It is now 2015, and another dramatic paradigm shift is underway.  Here is how our household technology has changed in the past few years….

The “Old” Way (before 2010)

In the “old” days, we connected our one large desktop computer (a Dell) in the study to the Internet via an 8 port switch to the router supplied to us, at the time, by AT&T.

old days

The desktop was shared by all three of us.

The Near Past (2010 thru 2014)

I wrote my original paradigm shift blog in 2010.  At that time, we moved the router (now Comcast) and Internet connection to the Family Room (and yes the HDTV is in the picture, I am just leaving it out here to simplify the diagrams).

near past

Lori and I both plopped our laptops on tables in the Study and Kristen wandered around with hers (Family Room, Living Room, Bedroom, etc).  We use the laptops exclusively and the Dell is now in the garage.

Now (2015 thru 2017 ??)

The proliferation of smartphones, tablets, etc. changed our landscape a bit.

In the past year or so, I have had increasingly capable smartphones and started to use them more heavily for reading email, hitting Facebook and LinkedIN, reading the news, and playing games (Robo Defense!!!!). Lori has an iPad which she uses most of the time looking up stuff on the Internet.  Kristen is Snap Chatting her face all the time from her iPhone.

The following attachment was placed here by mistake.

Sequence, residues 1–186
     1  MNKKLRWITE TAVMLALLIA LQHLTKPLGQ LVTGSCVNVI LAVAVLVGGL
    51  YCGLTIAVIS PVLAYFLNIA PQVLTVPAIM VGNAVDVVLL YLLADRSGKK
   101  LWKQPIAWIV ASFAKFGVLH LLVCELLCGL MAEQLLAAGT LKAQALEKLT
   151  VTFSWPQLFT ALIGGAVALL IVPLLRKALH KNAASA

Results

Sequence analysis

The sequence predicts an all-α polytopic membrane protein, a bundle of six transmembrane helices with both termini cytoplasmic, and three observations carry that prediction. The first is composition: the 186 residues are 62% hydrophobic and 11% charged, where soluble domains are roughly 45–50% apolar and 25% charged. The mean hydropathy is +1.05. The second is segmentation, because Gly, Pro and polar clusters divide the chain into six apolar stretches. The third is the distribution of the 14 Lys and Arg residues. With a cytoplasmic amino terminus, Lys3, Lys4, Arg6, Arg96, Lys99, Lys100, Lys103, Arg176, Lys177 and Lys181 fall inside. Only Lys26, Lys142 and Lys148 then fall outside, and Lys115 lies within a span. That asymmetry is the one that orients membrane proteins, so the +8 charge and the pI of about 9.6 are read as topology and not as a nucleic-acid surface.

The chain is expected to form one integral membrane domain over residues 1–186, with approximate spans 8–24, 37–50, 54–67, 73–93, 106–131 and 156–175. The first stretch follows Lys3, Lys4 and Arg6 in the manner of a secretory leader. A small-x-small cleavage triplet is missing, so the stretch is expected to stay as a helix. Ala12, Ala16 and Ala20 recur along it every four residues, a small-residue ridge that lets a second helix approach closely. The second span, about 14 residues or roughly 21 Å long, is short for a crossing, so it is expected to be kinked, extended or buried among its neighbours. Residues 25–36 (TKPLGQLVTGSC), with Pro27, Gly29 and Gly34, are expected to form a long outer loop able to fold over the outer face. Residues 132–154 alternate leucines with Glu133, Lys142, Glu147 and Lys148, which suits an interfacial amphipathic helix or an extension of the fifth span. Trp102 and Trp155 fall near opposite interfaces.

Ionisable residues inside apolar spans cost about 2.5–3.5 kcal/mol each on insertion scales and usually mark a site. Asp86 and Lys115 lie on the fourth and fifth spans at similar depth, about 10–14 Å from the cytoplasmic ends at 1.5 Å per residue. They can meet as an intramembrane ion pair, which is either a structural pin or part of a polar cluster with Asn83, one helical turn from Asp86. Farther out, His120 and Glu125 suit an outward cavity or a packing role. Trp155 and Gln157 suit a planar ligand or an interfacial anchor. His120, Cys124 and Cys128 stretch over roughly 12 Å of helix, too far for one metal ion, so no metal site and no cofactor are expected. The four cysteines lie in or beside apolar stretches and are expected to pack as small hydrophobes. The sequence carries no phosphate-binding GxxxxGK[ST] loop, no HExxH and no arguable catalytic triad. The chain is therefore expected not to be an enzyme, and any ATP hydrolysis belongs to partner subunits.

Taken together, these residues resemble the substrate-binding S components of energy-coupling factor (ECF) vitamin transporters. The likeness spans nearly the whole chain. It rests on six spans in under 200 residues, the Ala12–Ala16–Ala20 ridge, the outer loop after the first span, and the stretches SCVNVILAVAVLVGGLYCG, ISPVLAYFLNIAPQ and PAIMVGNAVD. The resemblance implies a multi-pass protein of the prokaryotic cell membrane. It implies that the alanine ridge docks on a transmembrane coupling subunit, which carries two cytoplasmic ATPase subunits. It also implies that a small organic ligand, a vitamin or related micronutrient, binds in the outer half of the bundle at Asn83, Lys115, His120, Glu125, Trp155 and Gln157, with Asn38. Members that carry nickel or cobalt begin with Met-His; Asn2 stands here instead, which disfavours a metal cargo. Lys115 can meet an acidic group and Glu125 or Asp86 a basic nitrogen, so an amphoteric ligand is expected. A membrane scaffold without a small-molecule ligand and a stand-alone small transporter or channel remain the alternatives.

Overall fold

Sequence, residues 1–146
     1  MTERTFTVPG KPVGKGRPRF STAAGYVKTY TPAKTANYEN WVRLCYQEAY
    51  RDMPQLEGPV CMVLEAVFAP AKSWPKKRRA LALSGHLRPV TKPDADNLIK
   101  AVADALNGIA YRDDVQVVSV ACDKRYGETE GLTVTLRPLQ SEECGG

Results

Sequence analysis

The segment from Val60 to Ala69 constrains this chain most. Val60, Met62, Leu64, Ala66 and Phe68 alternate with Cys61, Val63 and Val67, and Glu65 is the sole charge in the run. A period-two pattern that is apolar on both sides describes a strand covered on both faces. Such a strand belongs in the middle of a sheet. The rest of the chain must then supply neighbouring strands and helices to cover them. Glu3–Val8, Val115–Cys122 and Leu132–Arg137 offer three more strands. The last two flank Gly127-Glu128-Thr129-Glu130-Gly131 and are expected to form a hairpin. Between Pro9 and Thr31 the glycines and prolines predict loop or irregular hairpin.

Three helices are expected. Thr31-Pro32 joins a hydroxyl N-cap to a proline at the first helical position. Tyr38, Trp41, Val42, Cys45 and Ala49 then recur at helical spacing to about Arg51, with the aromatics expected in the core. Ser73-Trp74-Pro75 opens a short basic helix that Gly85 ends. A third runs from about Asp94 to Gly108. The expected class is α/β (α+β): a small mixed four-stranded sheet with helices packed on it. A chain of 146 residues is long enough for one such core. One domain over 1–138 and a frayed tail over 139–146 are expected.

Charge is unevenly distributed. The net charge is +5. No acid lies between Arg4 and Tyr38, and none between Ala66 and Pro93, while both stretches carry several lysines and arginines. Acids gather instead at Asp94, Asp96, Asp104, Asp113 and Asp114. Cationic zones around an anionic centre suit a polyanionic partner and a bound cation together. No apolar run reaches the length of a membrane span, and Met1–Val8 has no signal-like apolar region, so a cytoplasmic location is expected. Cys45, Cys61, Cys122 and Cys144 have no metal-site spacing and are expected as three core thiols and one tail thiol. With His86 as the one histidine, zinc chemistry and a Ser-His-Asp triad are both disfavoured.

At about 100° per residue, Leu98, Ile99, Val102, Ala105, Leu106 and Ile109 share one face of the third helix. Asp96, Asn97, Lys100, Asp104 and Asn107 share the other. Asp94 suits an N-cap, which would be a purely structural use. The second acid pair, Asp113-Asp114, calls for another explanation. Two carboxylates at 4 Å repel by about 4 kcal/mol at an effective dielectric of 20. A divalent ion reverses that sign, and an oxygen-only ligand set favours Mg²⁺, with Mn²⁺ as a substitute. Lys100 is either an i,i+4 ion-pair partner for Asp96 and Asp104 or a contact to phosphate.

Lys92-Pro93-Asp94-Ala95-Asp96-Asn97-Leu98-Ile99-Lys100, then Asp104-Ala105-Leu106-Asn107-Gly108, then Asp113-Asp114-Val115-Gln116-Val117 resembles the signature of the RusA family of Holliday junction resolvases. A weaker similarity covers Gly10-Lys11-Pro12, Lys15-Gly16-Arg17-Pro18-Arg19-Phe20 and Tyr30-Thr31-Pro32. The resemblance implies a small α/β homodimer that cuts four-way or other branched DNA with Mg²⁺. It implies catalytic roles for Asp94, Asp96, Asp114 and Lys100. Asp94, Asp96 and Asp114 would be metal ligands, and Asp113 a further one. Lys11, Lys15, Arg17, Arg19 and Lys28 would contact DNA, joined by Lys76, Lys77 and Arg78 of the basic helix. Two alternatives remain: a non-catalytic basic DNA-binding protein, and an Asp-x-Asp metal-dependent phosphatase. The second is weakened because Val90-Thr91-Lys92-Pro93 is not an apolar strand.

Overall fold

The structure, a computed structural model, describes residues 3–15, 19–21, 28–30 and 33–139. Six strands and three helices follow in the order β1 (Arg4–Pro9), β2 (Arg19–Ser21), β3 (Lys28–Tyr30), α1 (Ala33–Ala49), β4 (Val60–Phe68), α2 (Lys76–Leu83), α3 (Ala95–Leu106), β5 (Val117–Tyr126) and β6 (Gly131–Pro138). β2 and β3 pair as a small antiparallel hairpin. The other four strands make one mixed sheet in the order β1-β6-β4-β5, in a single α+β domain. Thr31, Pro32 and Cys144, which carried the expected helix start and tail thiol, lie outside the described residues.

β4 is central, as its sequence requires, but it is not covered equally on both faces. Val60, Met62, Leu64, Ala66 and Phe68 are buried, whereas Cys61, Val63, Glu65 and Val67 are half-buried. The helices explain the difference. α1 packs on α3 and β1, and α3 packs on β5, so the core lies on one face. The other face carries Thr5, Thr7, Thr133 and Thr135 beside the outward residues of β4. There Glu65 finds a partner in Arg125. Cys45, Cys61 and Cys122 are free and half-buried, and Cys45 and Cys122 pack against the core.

The importance of the laptops is fading, Lori’s the fastest, mine next, and, because Kristen has now graduated from the University of the Pacific and has a JOB, the least.

now

I see this architecture lasting a few more years….there are still many things I just can’t do on my Galaxy Note 4 that I can do on the laptop. But, technology moves on…..

Future (after 2017?)

Some of the stuff keeping me on the laptop (writing these blogs, making business cards, making these drawings, using a spreadsheet, etc) may be easier on the smartphone after 2017, but, maybe not.  It is possible the laptop (or Chromebook, or similar larger screened mouse controlled device) will still be necessary…I can’t foretell the future (as much as I would take advantage of that…if I could).

future

It is possible that: The laptop as we know it in 2015 will almost not be needed, the printer is always needed (maybe replaced with a 3D printer that can also make dinner), and our smartphones (or whatever mobile thingy) will be our main computing device.

Who knows..